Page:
On September 29th, 1986, New Order released their fourth studio album Brotherhood. The album features one of the band’s most popular singles “Bizarre Love Triangle”, as well as “State of the Nation” on the CD version.

“Bizarre Love Triangle”, a track that features many different edits, can be considered one of the most definitive songs of the 80’s, has been featured on many film soundtracks such as Married To the Mob. That film in particular was directed by Jonathan Demme, who had previously work with the band on their music video for “The Perfect Kiss”, featured on 1985’s Lowlife.

The video was directed by artist Robert Longo. While most of the film features scenes spanning a cityscape with intermittent pixelation, the part that is featured during the songs chorus features shots of a man and a woman in business suits falling through the air against a bright blue sky. This directly based on Longo’s “Men in the Cities”  lithographs, which is turn were inspired by the gyrations of punk musicians and singer, not unlike Joy Division’s Ian Curtis.

The video also features a black and white interlude about two thirds through where actress Jodi Long and screenwriter E. Max Frye are arguing.

Long: “I don’t believe in reincarnation because I refuse to come back as a bug or as a rabbit!”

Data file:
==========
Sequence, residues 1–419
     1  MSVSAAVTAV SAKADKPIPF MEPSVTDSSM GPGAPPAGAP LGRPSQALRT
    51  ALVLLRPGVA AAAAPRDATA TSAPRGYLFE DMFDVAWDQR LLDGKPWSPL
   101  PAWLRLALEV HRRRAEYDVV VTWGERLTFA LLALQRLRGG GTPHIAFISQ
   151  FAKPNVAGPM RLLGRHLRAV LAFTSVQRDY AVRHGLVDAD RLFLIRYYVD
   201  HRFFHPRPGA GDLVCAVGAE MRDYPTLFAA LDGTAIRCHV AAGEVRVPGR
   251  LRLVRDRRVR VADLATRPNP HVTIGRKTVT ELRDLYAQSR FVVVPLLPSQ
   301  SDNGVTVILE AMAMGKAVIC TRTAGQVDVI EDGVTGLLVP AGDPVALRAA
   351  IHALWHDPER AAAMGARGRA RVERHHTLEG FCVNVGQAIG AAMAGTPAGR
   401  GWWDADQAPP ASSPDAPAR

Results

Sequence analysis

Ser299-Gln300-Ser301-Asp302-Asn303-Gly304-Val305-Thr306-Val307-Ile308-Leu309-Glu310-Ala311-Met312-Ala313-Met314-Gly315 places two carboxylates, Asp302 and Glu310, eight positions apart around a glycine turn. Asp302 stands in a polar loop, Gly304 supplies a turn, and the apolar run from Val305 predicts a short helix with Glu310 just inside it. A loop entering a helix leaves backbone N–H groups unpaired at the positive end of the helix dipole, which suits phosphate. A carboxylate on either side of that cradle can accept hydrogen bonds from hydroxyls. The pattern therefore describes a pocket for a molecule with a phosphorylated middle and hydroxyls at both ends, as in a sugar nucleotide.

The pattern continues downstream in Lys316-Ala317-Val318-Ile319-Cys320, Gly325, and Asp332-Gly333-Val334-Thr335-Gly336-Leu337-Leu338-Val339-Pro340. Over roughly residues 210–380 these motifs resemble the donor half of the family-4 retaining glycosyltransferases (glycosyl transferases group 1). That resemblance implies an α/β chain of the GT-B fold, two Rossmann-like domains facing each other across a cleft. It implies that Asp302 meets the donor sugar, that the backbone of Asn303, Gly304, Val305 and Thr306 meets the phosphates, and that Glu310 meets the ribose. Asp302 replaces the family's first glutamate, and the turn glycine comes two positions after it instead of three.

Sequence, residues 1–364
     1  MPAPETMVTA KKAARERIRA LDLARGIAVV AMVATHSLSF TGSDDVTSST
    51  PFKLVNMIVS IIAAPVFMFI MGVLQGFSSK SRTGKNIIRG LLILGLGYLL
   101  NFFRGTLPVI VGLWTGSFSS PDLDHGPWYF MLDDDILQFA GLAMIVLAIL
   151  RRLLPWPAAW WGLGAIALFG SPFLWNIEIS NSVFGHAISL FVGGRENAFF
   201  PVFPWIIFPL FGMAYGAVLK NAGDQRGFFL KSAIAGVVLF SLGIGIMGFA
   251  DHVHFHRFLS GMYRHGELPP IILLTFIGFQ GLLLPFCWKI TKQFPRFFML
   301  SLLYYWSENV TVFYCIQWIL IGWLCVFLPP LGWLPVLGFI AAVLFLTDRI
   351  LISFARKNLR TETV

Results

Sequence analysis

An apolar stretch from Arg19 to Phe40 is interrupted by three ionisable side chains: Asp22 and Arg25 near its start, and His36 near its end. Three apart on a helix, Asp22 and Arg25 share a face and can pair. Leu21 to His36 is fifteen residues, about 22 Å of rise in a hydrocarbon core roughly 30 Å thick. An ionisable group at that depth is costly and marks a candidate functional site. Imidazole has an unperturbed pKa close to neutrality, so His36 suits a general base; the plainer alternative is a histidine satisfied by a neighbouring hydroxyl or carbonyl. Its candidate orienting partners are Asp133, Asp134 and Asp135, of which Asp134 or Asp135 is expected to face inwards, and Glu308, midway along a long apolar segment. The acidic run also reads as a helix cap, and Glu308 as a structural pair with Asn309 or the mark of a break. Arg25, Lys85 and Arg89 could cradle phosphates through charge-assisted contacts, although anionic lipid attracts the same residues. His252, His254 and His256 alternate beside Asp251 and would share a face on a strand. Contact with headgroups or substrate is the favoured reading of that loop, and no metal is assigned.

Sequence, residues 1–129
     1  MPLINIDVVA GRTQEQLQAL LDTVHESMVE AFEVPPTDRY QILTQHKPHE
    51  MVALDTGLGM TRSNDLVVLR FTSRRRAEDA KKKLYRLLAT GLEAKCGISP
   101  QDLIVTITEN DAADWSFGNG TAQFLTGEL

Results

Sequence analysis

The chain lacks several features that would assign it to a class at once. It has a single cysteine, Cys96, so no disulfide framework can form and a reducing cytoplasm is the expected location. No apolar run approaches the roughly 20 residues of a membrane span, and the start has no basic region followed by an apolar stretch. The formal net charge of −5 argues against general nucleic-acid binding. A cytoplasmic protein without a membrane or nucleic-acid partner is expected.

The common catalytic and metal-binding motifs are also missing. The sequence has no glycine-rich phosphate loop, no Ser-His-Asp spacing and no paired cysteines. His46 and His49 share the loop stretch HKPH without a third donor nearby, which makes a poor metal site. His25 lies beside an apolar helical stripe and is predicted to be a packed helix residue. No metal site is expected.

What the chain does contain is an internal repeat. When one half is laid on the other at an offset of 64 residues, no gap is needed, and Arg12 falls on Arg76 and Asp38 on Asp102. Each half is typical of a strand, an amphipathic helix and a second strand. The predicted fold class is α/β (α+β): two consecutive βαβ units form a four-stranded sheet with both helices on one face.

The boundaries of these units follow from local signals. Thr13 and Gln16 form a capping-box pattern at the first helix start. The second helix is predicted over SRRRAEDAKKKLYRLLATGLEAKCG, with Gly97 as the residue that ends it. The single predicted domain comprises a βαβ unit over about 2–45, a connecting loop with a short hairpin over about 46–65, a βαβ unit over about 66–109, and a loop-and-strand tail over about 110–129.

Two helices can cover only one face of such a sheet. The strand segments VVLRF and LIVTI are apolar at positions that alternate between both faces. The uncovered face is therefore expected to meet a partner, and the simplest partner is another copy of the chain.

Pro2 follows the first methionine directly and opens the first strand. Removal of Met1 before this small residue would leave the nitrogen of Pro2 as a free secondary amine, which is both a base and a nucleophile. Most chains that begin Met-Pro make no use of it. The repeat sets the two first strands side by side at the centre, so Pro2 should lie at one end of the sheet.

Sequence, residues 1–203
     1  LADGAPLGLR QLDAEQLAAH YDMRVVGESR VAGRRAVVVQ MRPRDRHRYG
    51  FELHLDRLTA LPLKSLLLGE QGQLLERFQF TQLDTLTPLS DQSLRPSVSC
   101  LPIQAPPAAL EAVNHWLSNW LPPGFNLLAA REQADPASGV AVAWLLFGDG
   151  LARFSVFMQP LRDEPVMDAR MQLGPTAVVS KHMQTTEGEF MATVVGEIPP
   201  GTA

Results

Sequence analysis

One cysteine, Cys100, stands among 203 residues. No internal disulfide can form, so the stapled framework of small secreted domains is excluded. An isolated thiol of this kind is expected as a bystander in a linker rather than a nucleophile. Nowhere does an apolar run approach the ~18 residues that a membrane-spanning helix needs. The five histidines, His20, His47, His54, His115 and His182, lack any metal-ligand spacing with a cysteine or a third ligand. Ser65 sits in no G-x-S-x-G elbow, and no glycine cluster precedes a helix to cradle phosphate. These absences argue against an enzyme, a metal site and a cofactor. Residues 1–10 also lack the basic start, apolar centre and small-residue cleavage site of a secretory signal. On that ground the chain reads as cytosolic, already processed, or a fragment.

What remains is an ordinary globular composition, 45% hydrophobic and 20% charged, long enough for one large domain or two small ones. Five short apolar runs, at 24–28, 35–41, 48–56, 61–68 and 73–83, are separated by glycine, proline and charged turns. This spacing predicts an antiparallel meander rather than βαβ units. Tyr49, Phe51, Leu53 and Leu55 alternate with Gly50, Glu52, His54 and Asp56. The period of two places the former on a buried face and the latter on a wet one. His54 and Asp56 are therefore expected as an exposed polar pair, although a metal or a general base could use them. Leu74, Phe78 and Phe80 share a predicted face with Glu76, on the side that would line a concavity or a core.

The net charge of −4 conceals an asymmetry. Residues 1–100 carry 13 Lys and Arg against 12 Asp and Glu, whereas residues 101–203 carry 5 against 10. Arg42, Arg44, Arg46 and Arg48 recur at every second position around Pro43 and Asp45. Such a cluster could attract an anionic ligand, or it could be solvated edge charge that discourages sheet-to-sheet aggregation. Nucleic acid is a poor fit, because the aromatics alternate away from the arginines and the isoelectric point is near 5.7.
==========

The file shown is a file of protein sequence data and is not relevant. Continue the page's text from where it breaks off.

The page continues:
Frye: “You know, you’re a real ‘up’ person.”

Once again, the album features a sleeve created by Factory Records’ inhouse graphic designer Peter Saville which is a photograph of a sheet of titanium-zinc alloy. Both sides of the record each have a distinct sound, with side A being the guitar side, and side B being the synth side.

I always thought that my favorite side of Brotherhood was the acoustic side. Yet, when we came to play the sequencer songs which make up side two, it was those that I loved! I like the fact that side two is a little bit more difficult and different.-Peter Hook


  1. Paradise
  2. Weirdo
  3. As It Is When It Was
  4. Broken Promise
  5. Way of Life
  6. Bizarre Love Triangle
  7. All Day Long
  8. Angel Dust
  9. Every Little Counts

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